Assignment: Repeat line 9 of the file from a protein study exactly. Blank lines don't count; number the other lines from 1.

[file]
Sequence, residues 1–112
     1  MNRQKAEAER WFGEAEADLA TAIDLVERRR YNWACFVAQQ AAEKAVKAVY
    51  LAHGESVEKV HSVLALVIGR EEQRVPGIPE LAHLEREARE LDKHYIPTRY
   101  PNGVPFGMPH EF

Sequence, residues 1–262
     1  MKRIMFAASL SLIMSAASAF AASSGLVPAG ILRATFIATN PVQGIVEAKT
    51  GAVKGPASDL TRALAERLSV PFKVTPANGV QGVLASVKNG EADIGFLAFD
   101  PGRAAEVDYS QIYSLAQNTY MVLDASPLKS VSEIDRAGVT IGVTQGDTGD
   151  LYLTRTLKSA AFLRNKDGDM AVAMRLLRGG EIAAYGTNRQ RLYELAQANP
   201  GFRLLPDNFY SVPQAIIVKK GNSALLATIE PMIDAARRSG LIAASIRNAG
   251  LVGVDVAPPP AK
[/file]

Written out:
   151  LYLTRTLKSA AFLRNKDGDM AVAMRLLRGG EIAAYGTNRQ RLYELAQANP